Resistance management guideline for anilinopyrimidine (AP) [Group 9] fungicides used against botrytis bunch rot (Botrytis cinerea) in wine grapes in New Zealand
(revised October 2014)
Objective of this guideline
- Maximise the useful life of AP fungicides for control of botrytis bunch rot (botrytis) in wine grapes in New Zealand by developing a resistance management guideline that is effective, easy to integrate into botrytis disease control programmes and able to achieve a high degree of guideline compliance.
- APs are among the most effective fungicides for botrytis management in wine grapes and if B. cinerea developed resistance to them it would seriously compromise disease control in vineyards. Resistance risk is considered to be high.
- NZCPR guidelines for AP fungicides were last updated in December 2004 and need updating for botrytis to make them compatible with the increasing use of disease management products in wine grapes with low efficacy against botrytis.
- Resistance management relies on limiting numbers of applications of at-risk fungicides and mixing or alternating them with effective fungicides from different cross resistance groups.
- This resistance management strategy limits numbers of AP applications and uses mixing. Alternation is also recommended to avoid consecutive applications of APs.
- Natural products, biological control agents and some synthetic fungicides with low activity against B. cinerea are not suitable as mixing or alternation partners with APs for resistance management as they are not expected to provide any reduction in resistance selection pressure on the AP fungicides.
- Resistance management guidelines vary between countries due to different cropping practices, different availability of fungicides as mixing or alternation partners and to differences in the way resistance strategies are formulated, e.g., by pathogen, as for FRAC and NZCPR, or by crop as for CropLife Australia. Although New Zealand guidelines need to use sound resistance management practices, they do not need to comply exactly with overseas guidelines.
- This guideline has been prepared jointly by NZCPR, Sustainable Winegrowing New Zealand and the New Zealand agrochemical industry.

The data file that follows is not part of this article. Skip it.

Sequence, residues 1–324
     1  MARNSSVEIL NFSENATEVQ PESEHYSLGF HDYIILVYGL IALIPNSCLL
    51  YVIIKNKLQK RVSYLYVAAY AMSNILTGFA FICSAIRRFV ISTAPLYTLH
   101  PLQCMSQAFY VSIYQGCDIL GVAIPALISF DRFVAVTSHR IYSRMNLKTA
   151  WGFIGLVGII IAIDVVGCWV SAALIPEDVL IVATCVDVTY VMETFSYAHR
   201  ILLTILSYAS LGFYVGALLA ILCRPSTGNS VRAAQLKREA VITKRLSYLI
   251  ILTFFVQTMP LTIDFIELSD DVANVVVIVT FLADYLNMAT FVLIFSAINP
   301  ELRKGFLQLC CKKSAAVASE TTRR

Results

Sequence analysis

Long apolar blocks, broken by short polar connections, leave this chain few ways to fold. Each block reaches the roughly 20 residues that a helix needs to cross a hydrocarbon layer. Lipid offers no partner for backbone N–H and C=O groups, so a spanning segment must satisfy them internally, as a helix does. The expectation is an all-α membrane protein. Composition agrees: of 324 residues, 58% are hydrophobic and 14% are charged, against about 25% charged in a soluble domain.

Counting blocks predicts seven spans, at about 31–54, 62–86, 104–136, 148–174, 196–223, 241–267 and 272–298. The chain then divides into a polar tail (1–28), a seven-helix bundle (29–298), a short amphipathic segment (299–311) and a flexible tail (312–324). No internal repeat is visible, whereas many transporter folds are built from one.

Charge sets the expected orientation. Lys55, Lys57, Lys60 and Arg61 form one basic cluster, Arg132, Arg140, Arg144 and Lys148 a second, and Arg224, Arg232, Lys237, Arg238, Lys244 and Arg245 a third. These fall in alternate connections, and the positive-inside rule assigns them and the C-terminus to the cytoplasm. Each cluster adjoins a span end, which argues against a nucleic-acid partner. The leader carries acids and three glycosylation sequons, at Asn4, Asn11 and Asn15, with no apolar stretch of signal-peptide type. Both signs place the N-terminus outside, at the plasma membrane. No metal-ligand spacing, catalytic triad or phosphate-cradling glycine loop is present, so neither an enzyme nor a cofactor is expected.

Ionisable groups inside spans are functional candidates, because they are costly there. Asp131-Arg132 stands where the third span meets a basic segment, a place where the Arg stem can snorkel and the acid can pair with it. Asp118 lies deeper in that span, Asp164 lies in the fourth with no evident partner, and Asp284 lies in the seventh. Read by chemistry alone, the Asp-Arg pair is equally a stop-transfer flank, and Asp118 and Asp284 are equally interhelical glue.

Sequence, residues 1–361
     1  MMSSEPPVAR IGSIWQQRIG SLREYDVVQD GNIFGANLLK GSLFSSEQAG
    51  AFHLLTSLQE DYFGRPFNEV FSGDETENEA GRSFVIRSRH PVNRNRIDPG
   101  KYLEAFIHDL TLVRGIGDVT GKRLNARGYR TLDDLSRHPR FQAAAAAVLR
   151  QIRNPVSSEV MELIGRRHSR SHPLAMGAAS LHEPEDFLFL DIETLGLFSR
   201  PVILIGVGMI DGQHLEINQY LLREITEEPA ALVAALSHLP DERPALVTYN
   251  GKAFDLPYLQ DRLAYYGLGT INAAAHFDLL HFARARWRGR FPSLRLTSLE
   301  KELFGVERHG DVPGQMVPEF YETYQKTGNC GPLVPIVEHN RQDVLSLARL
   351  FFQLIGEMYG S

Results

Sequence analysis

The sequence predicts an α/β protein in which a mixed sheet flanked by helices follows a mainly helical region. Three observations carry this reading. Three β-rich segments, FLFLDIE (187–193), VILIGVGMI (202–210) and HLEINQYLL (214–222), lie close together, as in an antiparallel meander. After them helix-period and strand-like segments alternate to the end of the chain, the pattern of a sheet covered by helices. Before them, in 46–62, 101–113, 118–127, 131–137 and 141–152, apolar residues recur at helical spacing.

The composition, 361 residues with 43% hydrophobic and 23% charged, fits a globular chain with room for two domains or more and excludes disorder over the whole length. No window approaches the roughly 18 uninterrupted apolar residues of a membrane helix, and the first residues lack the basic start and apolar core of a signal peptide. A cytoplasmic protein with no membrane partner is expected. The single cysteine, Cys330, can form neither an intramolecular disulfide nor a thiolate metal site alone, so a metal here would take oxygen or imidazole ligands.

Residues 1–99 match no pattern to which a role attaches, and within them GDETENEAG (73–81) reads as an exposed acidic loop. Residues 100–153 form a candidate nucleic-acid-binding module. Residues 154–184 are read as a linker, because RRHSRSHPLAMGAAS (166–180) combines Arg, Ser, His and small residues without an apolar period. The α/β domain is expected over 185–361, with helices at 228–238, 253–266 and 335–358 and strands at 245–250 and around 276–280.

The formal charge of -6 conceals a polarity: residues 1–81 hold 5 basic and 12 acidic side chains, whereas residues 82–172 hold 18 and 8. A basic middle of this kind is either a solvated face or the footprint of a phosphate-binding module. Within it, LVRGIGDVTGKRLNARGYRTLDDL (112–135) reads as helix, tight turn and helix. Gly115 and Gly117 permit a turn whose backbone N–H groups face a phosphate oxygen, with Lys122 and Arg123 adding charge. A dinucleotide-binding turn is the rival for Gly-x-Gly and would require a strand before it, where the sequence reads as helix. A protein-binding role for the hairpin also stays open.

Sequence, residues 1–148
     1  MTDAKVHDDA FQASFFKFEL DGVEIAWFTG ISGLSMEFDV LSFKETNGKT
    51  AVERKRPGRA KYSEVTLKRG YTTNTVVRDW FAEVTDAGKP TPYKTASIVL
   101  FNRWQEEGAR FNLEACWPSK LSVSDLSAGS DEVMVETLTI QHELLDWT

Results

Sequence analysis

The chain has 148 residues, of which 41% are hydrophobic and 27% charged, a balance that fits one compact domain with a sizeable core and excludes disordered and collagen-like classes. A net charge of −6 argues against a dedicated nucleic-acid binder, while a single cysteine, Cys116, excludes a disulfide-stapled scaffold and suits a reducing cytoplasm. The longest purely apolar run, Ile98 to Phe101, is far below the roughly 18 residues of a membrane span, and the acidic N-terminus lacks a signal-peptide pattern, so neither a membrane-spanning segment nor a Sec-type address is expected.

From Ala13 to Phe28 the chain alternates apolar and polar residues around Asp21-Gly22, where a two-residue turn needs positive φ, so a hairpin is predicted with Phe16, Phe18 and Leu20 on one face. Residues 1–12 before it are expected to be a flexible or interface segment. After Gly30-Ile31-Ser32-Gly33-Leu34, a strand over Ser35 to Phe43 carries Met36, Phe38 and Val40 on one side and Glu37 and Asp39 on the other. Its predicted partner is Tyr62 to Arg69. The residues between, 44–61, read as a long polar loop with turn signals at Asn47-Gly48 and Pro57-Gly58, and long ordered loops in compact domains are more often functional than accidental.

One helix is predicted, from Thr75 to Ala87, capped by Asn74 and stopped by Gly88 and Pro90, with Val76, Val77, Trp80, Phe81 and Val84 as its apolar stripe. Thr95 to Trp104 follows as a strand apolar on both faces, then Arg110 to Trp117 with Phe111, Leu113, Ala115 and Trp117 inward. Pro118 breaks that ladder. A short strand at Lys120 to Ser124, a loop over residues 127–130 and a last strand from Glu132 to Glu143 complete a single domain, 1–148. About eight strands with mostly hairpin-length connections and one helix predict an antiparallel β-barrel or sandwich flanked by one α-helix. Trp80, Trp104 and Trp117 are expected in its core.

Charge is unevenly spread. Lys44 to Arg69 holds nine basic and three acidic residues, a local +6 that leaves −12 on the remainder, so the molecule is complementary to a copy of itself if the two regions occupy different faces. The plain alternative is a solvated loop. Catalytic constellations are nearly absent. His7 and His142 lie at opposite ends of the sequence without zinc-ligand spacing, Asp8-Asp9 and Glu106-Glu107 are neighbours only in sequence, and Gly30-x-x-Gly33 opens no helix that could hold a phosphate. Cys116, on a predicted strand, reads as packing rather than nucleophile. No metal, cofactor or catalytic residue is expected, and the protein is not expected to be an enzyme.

- These new guidelines are conservative in that they recommend mixing for in all AP fungicide applications. By adopting this conservative strategy it is intended to preserve the long term efficacy of these important botrytis fungicides.
Table 1: Anilinopyrimidine (AP) guideline for wine grapes Total number of botrytis-specific fungicide applications (excluding natural products and biological controls)1 Maximum number of AP applications3 Mixing4 Application rates in mixtures 1-6 botrytis-specific applications per season Max. 2 per season Always apply in mixture with another effective botrytis-specific fungicide, either as a co-formulated product or a tank mix In both co-formulated products and tank mixtures, either component on its own should provide an effective fungicidal dose against B. cinerea. Do not reduce rates of fungicides applied in mixtures. 7 or more botrytis-specific applications per season Max. 3 per season
1A botrytis-specific fungicide application contains one or more fungicide products with high activity against Botrytis cinerea. Biological control agents, plant defence elicitors and products whose primary effect is on plant nutrition do not have sufficient activity against B. cinerea to be considered botrytis-specific products. Some inorganic fungicides and older synthetic fungicides, which have low activity against B. cinerea, are not suitable as mixing partners for resistance management. See Sustainable Winegrowing New Zealand (SWNZ) product list below.
2SWNZ stipulates a maximum of six botrytis-specific fungicide applications per season. This maximum relates to sustainable viticultural practices and residue management and is not, in itself, a requirement for resistance management.
3Maximum number of applications containing an AP fungicide that must not to be exceeded each growing season. Note: Every application that contains an AP fungicide, including mixtures, is one count towards the season's AP total.
4A mixing partner must be a botrytis-specific fungicide from a different cross-resistance group, applied at a rate which on its own would provide effective control of botrytis bunch rot.
Table 2: Products listed by SWNZ with a claim for botrytis bunch rot control in grapes Product name Active ingredient Fungicide group
(for mixing with APs)
Suitability as a mixing partner
in AP-containing applications
Amistar azoxystrobin Quinone outside inhibitor (QoI) No Apex pyrimethanil + fluazinam Dintro-aniline Yes – this product contains an AP with a suitable mixing partner Armour-Zen chitosan No Botry-Zen Ulocladium oudemansii No Bravo chlorothalonil No Cabrio WG pyraclostrobin QoI No Captan captan No copper (various) various active ingredients No Diva, Ethpyri, Predict, Pyrus, Scala pyrimethanil AP No - these are all AP's Folio Gold metalaxyl-m + chlorothalonil No Gem, Nando, Pinnacle fluazinam Dintro-aniline Yes Max metalaxyl + chlorothalonil No MicroPlus Streptomyces lydicus No Pristine pyraclostrobin + boscalid QoI + SDHI Yes Protek carbendazim Benzimidazole No Protector fatty acid No Rovral iprodione Dicarboximide Yes Sentinal Trichoderma atroviridae No Serenade Max Bacillus subtilis No Sumisclex procymidone Dicarboximide Yes Punch, Renova, Savy, Switch cyprodinil + fludioxonil AP + phenylpyrrole Yes – these products contains an AP with a suitable mixing partner Teldor fenhexamid Hydroxyanilide Yes Teldor Scala Combi fenhexamid + pyrimethanil Hydroxyanilide + AP Yes – this mixture is an AP with a suitable mixing partner Teracep peracetic acid + hydrogen peroxide No Thiram thiram No